https://dfedigital.blog.gov.uk/2017/09/06/progressing-through-alpha-putting-user-needs-first/

Progressing through alpha: putting user needs first

Categorising user needs

My name is Juliet Blomfield and I’m the content and communications manager for the data exchange project at the Department for Education (DfE).

The data exchange project aims to:

  • make it easier to move data from data providers into DfE and enable others to improve local data sharing
  • reduce the effort associated with validating and moving data, and allow data to move more frequently, where there is value in doing so
  • find solutions that are workable for both DfE and system suppliers to schools, colleges, local authorities and other data providers  

The alpha: getting it right

The project made great progress during discovery and early alpha stages – spending time looking at the technology available to DfE and data providers. Through this work we found that we should move data by building simple and easy-to-use APIs.

API: An application programme interface (API) is a set of commands and formatting of those commands that one programme or system sends to another. Systems connected with APIs can be given permission to talk to each other without the need for any user knowledge or intervention.

Following the initial alpha assessment in February, we’ve really focused on our users to make sure what we provide meets their needs, and is intuitive and simple to use.

Building our team

A lot has happened since I joined the project in April (including an election)! We’ve broadened our team, set up a dedicated project room and conducted research with DfE staff. After purdah (the pre-election period when government communications are restricted), we conducted research with school leaders and data administrators at a range of different schools. We wanted to find out what systems and processes they currently use, how they collect, prepare and send data to us, and where problems or pain points are.

We also met with software suppliers to find out more about how APIs might work in their systems, the effect this might have and what they’d need to make it work.

Start with user needs

To make sure we build services that are simple and intuitive, we have done a lot of user research. We have identified a number of user needs and pain points, for both schools and DfE staff, particularly around data validation, cleaning and quality.  

We found that:

  • data is not always of good enough quality when it first moves
  • collecting and validating data takes too long
  • there are inconsistencies between data in school systems and DfE systems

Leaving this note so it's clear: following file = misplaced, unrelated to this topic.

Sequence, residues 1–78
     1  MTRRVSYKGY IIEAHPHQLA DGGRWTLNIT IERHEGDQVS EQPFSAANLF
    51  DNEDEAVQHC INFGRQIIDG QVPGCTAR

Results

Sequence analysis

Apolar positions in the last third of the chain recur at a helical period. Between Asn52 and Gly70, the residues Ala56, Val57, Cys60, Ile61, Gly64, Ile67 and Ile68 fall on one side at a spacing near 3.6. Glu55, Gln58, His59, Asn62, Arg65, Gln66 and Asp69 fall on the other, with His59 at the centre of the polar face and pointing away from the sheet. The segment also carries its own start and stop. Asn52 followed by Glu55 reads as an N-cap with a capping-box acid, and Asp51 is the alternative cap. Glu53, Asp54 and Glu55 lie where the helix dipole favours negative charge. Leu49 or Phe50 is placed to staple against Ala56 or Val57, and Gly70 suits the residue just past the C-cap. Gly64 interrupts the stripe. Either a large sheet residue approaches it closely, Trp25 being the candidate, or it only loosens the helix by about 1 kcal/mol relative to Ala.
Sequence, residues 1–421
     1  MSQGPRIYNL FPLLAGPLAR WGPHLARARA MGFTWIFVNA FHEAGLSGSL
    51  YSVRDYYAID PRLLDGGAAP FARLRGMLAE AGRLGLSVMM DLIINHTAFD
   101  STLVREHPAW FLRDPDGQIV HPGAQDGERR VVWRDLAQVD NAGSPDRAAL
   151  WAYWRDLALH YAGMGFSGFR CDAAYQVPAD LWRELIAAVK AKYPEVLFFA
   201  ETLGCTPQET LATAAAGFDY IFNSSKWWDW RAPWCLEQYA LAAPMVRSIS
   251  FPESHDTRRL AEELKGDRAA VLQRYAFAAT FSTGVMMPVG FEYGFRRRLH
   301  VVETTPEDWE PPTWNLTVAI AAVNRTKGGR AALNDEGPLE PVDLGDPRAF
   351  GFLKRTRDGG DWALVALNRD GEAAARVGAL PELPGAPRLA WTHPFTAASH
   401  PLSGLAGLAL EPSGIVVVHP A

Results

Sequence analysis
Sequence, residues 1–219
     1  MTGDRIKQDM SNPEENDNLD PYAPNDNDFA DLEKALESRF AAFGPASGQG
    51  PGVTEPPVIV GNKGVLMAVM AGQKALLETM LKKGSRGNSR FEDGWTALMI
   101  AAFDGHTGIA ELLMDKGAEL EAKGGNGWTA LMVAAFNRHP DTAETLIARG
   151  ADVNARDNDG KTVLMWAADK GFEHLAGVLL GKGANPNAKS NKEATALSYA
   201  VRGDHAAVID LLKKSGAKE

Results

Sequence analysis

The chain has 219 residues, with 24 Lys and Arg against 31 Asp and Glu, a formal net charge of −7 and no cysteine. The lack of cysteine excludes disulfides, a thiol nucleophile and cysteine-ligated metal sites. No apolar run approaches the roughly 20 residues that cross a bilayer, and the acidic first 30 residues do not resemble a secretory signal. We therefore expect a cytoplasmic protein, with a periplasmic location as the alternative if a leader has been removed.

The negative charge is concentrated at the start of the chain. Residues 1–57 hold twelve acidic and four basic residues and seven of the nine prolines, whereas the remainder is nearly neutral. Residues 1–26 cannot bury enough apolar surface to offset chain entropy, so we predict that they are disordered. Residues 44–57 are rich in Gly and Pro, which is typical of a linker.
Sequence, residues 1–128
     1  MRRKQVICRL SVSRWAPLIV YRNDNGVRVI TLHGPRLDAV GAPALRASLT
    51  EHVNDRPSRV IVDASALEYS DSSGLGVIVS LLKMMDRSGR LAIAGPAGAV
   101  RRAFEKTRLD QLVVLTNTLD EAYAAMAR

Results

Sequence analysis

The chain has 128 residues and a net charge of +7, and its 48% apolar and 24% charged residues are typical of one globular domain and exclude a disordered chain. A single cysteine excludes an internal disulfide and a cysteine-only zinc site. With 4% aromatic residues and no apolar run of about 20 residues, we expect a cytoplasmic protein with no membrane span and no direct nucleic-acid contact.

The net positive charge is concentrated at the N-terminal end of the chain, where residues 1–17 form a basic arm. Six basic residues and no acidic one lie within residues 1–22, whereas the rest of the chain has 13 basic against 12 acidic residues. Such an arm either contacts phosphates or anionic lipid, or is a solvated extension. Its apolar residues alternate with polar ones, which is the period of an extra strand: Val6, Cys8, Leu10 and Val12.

• feedback and reports from data take too long to be of maximum use

In response to a need expressed by school leader:

“As a school leader, I want more timely feedback of my indicative funding amounts, so that I can budget more accurately.”

We mapped the funding data journey from school to DfE and back to school, and the pain points in the journey.

User journey mapping

And during alpha explored and developed prototypes:

  • providing a method for regular on-going data validation at the school end to help reduce the pressure on schools when data is collected
  • showing how school leaders can see their data set in context when they submit their pupil data – an indicative funding report

Testing the prototype

We’ve created an API to move relevant data (census data that is used to calculate funding) from a school’s system to the DfE automatically, as well as providing quicker validation feedback.  

To make sure our solution is right we’ve been testing our alpha prototype with schools.

Initial testing and feedback is that schools prefer automated validation, which would run overnight and produce validation reports in their system. We also tested the error messaging, making sure it’s clear, so that a user can update and correct errors at source more easily.

More testing

We completed further user testing and refined our prototypes based on feedback from our first rounds of user testing.

We also engaged with suppliers, checking that the proposed solution will work for them too. They were able to give us some helpful insight into error messaging based on their user feedback and their development plans.

What’s next?

We’ve now finished our alpha sprints and we’re preparing for the next GDS assessment. Once we have successfully passed this, we’ll hopefully get approval to move to beta development.

Most importantly we’ll continue to work with our users during beta, iterating the service we’re building to make sure we’re meeting their needs.

Watch this space!

If you want to get involved in the data exchange project or find out more about what we’re doing we’d love to hear from you: dataexchange.mailbox@education.gov.uk

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